There are four distinct styles of whiskey or whisky in the world (the “e” is used in the United States and Ireland, whereas Canadian and Scotch take their whisky without the “e”) each with its own particular characteristics. While all are produced in a broadly similar way, there are substantial differences between different countries’ products including the choice of grains, number of distillations, type of stills used, maturation period and type of oak barrels used. Each country’s style has its own special characteristics to discover and savour.
Irish and Scotch are often compared to each other just as American and Canadian have broadly similar characteristics.
Unlike Scotch, the malted barley in Irish whiskey is dried in enclosed kilns, not over peat fires, and therefore lacks the ‘peaty smokiness’ of Scotch whiskies. This maintains the natural flavour of the barley as one of the defining characteristics of Irish whiskey, which are typically fragrant, with a roundness of body.
A second important differentiating factor is the Irish use of unmalted barley in the pot still as well as malted barley. (The Scots use only malted barley at this stage.) The main flavour of Irish whiskey comes from barley, and the differences between the brands lie in the proportions of raw and malted barley. Three styles of whiskey – pot still, grain and malt whiskey – make up blended Irish whiskey. The flavourful pot still whiskey is blended with both lighter grain whiskey and more flavoursome malt whiskey to produce the final, well-balanced blend.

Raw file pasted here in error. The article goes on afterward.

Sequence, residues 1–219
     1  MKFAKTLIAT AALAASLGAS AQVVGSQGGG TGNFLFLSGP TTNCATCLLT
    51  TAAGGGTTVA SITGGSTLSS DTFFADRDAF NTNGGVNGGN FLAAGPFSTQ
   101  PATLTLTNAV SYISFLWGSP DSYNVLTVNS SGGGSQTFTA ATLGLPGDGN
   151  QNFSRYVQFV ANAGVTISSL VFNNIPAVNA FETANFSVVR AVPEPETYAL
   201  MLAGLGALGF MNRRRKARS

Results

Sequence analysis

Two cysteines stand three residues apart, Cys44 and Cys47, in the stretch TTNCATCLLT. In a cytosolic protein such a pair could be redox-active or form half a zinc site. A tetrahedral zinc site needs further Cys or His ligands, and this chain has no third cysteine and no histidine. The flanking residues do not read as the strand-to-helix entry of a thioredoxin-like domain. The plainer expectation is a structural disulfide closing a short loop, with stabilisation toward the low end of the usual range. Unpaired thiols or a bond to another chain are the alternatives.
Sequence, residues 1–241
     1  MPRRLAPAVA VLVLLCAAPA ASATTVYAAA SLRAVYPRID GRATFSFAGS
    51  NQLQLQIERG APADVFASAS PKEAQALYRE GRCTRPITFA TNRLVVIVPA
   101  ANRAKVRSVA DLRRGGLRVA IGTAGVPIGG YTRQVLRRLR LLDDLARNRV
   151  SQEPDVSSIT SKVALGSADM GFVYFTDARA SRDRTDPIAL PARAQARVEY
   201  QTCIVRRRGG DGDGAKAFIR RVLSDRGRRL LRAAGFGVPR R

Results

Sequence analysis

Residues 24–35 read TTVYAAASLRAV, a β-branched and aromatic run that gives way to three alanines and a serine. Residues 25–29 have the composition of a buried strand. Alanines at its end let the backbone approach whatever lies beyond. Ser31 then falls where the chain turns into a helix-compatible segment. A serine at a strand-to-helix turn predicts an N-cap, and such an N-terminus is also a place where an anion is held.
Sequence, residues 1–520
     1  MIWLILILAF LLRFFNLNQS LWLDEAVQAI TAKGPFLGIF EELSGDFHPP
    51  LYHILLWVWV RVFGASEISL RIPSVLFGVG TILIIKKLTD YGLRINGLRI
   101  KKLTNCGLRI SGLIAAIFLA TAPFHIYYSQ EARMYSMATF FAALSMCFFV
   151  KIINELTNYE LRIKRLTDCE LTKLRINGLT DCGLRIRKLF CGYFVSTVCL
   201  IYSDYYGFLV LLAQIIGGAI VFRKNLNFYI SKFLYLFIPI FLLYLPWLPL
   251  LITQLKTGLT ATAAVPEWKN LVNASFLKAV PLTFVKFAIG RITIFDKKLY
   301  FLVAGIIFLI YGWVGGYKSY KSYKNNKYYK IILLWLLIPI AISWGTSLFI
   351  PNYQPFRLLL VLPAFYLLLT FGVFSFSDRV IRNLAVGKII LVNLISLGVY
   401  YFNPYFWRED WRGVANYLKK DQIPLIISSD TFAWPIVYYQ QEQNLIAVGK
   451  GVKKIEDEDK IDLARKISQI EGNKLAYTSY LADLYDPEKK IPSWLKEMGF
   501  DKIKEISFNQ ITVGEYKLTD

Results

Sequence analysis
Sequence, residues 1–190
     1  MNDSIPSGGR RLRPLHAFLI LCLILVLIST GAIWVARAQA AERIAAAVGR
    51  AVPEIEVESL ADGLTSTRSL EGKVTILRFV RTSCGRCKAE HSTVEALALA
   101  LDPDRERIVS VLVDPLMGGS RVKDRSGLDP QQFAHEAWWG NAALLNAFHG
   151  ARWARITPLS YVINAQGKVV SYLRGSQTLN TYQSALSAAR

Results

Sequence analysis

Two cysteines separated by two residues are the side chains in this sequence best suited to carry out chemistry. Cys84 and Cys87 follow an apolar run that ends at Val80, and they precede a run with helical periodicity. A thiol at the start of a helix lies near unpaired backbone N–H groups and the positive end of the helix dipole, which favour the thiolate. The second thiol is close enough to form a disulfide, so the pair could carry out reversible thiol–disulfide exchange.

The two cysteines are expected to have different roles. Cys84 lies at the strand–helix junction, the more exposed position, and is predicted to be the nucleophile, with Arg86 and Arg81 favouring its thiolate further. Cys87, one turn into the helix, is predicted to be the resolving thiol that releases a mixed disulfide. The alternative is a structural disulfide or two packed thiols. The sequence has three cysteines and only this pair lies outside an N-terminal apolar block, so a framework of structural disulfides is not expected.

Tullamore Dew is distilled three times to greater purity and smoothness
Three times for purity, once more than Scotch. Tullamore Dew, like most Irish whiskies, is distilled three times to give greater purity and smoothness. Each extra passing of the spirit through the still improves its quality, purity and strength – with the result that Irish whiskey leaves the still with higher alcohol content than Scotch.
‘Vatting’ not ‘Blending’
The character of Irish whiskey is more closely connected to the distilling process than to the subsequent blending. The skill, they say, lies in creating the right distillates in the first place. As a result, the Irish call this latter technique ‘vatting’ rather than ‘blending’. By contrast, blended Scotch whisky is achieved by mixing many different mature malt and grain whiskies together, balancing the final flavour by adjusting the relative proportions of each.